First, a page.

Thanks to Stephen Denning, Eliyahu Goldratt, Patrick Lencioni, Doug Lipman, and Annette Simmons (among others), elements of storytelling have become widely and wisely adopted by business leaders and then effectively applied in all manner of formal presentations as well as during informal conversations. The given issues are addressed, usually in terms of When, Where, Who, What, and Why (in response to So what?) as the narrative introduces setting, characters, conflicts, and themes during a sequent of events (i.e. plot) that leads to a resolution or affirmation (i.e. climax). It is no coincidence that throughout history, all of the greatest leaders were great storytellers. Whatever the given situation, they anchored their visions, values, and calls to action within a human context.
As the title of my review indicates, I think that, in StoryBranding, Jim Signorelli, provides a sound introduction to storytelling fundamentals relevant to branding. There are no head-snapping revelations, nor does he make any such claim. The material is presented within three Parts: First, he introduces core concepts, then provides his Six-Step StoryBranding Process by which to articulate the given brand's "message," and then in Part III, explains how to measure (at least to some extent) the nature and extent of that message's resonance or impact. Readers will appreciate the provision of a "Review" section at the conclusion of Chapters 2-21 and this reader certainly would have appreciated an Index. Presumably one will be added if and when there is another edition.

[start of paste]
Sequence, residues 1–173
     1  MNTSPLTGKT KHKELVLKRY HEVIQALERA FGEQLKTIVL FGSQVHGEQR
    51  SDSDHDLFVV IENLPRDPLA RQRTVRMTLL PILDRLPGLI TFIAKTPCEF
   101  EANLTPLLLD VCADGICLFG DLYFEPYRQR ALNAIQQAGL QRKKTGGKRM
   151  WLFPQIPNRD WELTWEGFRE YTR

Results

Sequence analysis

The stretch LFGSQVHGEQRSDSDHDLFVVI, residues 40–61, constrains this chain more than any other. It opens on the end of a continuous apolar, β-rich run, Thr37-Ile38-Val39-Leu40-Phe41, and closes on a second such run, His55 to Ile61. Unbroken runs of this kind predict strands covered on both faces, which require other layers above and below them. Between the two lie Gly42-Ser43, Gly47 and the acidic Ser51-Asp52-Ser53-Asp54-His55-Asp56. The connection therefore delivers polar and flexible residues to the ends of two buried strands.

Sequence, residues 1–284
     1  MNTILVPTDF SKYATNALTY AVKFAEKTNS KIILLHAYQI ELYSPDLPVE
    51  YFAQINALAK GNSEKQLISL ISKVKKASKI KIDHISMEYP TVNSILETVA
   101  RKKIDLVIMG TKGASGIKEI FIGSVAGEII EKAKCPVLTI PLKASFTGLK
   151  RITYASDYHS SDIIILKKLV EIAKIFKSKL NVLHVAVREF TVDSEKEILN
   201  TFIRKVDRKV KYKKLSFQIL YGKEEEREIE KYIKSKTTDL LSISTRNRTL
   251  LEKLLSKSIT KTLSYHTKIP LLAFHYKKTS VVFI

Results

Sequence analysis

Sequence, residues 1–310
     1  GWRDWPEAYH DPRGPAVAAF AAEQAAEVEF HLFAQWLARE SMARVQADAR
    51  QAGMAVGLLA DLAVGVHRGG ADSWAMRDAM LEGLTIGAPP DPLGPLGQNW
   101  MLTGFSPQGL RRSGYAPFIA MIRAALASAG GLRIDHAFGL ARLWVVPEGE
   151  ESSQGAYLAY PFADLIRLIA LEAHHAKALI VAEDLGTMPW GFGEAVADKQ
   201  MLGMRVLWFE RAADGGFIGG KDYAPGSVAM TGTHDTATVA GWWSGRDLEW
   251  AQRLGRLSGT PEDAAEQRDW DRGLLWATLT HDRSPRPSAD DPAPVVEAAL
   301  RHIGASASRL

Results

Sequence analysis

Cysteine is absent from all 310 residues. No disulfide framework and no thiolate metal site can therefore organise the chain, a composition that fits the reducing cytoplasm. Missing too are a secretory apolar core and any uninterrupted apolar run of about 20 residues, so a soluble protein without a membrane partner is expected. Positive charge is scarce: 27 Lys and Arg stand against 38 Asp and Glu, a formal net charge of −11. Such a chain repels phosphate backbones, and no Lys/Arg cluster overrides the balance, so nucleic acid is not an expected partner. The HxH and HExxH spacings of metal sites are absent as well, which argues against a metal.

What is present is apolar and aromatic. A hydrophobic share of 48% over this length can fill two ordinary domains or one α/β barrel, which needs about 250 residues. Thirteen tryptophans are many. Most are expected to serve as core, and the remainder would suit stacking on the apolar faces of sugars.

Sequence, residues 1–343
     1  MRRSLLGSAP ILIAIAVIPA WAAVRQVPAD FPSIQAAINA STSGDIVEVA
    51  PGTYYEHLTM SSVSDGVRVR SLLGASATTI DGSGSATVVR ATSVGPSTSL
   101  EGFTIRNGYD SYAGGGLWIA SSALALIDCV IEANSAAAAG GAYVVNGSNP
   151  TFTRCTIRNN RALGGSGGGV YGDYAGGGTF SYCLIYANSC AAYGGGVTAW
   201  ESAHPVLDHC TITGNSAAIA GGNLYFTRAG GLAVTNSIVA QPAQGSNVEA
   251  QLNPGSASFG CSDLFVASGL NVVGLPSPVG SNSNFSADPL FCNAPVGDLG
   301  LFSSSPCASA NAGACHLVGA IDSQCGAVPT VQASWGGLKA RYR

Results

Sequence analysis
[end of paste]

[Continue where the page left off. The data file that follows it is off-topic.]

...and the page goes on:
Signorelli acknowledges the great challenges of a brand's multi-dimensional alignment between and among the sellers, buyers, prospects, and those who comprise a circle of influence (e.g. reviews such as this one featured by Amazon and social media evaluations) as well as between and among their expectations, perceptions, delusions, misinformation, values, concerns, and realities. He observes, "For any brand, the ideal match is one where there is alignment between the brand's and the prospect's inner and outer layer cells." That is, when a brand fulfills (if not exceeds) expectations, even those that are subconscious.
Emanuel Rosen was among the first (in The Anatomy of Buzz, 2000) to shed a great deal of light on the power of word-of-mouth marketing and duly notes that "bad" buzz travels even faster (in my experience, a LOT faster) than "good" buzz does. That explains why there will always be (for better or worse) an alignment of the band's promise (its story, well told) and its performance. Long ago, John Hill (founder of Hill & Knowlton) defined public relations as "truth well-told." You better have what Jim Signorelli characterizes as a "standout brand" or its story, however well-told, will be at best untrue, if not a lie.